2010 10 Welfare Benefits

Monday 1 November 2010

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Housing Benefit cuts – the proposed changes to local housing allowance in 2011

Changes to Housing Benefit paid in the private sector in the form of local housing allowance were first announced in the Emergency Budget in June 2010. From April 2010 the changes include: -

  • local housing allowance levels will be restricted to the 4 bedroom rate;
  • a new upper limit will be introduced for each property size, with upper limits set at:

◦£250 a week for a 1 bedroom property;

◦£290 a week for a 2 bedroom property;

◦£340 a week for a 3 bedroom property; and

◦£400 a week for a 4 bedroom property or larger.

  • from October 2011 the local housing allowance will be set at the 30th percentile of rents in each broad rental market area, rather than the median;
  • the government contribution to discretionary housing payments will be increased by £10 million in 2011/2012 and £40 million in each year from 2012/2013;
  • from April 2013, housing benefit awards will be reduced to 90 per cent of the initial award after 12 months for claimants receiving Jobseeker's Allowance. TUC research estimates that at least 24,000 disabled people (who will be moved on to JSA from incapacity benefit) will be affected by this change.

On the positive side, the size criteria will be adjusted to provide for an additional bedroom for a non-resident carer where a disabled claimant has an established need for overnight care.

An equality impact assessment on the changes was published by the DWP in July 2006: 'Housing Benefit Changes to the Local Housing Allowance arrangements and Housing Benefit size criteria for people with non-resident overnight carers'. Its overall conclusion was that an estimated 99 per cent of local housing allowance cases would be affected by the forthcoming changes to the local housing allowance, with an average decrease in benefit of £12 per week. It also highlights that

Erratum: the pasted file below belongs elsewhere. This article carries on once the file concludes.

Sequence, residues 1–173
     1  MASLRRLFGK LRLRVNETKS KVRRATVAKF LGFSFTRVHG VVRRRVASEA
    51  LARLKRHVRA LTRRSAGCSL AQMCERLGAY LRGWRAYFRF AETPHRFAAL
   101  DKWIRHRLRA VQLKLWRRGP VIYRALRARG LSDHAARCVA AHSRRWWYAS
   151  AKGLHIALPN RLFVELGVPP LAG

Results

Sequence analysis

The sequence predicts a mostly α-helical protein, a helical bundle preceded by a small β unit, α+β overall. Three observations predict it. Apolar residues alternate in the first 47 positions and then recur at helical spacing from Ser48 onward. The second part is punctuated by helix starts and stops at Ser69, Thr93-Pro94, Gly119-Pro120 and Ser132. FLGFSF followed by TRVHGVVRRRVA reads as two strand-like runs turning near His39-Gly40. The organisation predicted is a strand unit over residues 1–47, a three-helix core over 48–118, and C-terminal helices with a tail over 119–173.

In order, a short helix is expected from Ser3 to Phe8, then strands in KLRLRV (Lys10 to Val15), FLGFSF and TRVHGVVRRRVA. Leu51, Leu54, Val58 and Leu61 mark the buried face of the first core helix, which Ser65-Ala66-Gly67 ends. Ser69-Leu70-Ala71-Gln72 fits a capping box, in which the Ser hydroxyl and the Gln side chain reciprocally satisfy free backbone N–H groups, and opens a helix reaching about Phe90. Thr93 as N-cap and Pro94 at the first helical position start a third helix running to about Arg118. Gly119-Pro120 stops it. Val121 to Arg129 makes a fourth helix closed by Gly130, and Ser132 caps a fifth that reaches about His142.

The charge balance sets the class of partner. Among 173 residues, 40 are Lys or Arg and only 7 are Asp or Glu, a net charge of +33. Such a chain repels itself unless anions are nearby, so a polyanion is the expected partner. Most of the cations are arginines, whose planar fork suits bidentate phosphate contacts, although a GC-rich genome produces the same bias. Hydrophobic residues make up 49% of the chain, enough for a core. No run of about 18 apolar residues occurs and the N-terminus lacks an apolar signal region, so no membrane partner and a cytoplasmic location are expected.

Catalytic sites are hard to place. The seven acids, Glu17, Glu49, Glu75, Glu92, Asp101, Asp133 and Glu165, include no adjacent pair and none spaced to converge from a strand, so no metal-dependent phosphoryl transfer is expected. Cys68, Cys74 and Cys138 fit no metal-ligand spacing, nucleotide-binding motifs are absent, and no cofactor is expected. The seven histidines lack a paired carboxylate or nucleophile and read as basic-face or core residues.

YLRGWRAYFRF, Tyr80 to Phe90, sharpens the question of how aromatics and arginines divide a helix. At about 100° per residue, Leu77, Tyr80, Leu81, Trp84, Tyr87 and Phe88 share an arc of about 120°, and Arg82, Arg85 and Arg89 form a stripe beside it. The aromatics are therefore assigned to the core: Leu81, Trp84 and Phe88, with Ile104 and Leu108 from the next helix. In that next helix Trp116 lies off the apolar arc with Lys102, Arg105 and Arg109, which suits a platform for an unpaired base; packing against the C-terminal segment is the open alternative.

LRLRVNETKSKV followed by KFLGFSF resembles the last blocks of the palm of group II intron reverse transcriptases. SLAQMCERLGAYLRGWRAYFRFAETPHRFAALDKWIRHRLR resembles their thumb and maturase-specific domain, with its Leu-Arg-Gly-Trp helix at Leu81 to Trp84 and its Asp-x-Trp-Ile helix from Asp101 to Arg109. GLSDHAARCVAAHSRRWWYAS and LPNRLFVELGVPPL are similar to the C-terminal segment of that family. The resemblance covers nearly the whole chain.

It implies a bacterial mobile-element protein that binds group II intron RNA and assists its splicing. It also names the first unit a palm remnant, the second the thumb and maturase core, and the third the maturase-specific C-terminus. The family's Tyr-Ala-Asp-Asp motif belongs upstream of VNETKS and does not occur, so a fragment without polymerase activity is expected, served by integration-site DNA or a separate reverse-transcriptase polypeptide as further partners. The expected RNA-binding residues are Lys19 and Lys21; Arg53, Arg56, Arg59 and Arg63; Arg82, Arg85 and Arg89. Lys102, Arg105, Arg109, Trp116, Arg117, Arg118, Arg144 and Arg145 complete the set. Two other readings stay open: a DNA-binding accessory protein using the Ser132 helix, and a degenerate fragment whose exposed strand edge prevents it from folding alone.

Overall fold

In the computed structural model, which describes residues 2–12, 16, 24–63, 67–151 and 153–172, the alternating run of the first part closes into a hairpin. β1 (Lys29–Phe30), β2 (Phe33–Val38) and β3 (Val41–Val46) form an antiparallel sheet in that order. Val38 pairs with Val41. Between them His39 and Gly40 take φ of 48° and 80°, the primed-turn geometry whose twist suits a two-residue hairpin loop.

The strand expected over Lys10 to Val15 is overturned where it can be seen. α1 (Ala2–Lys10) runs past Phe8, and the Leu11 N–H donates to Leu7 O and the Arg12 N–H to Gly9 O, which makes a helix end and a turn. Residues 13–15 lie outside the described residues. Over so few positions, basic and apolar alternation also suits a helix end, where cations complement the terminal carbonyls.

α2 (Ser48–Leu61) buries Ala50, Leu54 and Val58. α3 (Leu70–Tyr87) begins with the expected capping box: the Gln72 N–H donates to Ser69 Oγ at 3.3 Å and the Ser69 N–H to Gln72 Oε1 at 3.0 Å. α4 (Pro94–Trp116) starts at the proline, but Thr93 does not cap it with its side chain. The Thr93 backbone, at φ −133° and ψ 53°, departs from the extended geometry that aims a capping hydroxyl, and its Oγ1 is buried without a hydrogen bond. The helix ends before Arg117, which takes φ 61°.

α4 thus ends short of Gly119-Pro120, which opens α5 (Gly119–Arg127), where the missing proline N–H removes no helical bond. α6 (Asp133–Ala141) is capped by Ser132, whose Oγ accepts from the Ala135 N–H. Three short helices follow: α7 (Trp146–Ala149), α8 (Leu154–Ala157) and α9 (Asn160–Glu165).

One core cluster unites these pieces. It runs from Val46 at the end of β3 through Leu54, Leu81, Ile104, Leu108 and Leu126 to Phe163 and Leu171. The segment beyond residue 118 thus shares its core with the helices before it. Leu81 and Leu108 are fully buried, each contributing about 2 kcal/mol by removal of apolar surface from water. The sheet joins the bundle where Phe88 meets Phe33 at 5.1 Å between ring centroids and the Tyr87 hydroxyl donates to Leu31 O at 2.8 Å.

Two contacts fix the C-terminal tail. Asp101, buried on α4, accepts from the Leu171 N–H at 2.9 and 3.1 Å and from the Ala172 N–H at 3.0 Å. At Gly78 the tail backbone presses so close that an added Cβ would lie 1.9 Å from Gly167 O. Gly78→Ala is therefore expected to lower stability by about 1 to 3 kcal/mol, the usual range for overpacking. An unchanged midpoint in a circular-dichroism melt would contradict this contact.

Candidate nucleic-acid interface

• some households, particularly in very high cost areas, may have to move as a consequence of the measures;
  • some households may need to move from central London to outer London Boroughs or neighbouring local authorities which are not impacted by the overall caps;
  • housing authorities may experience difficulty finding suitable private rented sector accommodation locally for households that are accepted as homeless or at risk of homelessness – these impacts are more likely in London but could occur elsewhere.

The Social Security Advisory Committee is currently considering the changes to be introduced by the Housing Benefit (Amendment) Regulations 2010 and associated amendments to the Rent Officers (Housing Benefit Functions Order) 2010. The SSAC is expected to publish its recommendations to government in the late autumn.

The Citizens Advice response to the SSAC consultation (September 2010) states that the proposed cuts to housing benefit will result in higher levels of poverty, debt, rent arrears and homelessness. Its evidence to the SSAC states:

‘The charity is particularly concerned about the impact on housing and homelessness in London, where housing pressures are already extreme. When the new caps are imposed, 93% of rents in Central London will be unaffordable for private tenants reliant on housing benefit. Over 18,000 households will be affected, with average shortfalls between their housing benefit and rent of £81 a week.’

Citizens Advice Chief Executive, Gillian Guy, said -

'We are extremely concerned at the potential impact of the cuts to housing benefit on people’s ability to pay their rents and avoid rent arrears and homelessness. Tens of thousands of private tenants will find their rent is unaffordable and will therefore need to move at short notice to areas with lower rents as a result of the proposed cuts. For many, such a forced move will be highly disruptive and stressful as well as putting additional strain on very limited budgets. It will be particularly hard for families, whose options could be limited to moving somewhere smaller with the risk of overcrowding, or moving to a cheaper area further away, breaking vital links with jobs, schools, healthcare and family support. Those unable to find affordable alternative accommodation at rents within the new housing benefit limits will be at real risk of homelessness.'

See also CPAG’s response to the proposed housing benefit reforms: ‘Supporting people into work: the next stage of Housing Benefit reform’ (February 2010).

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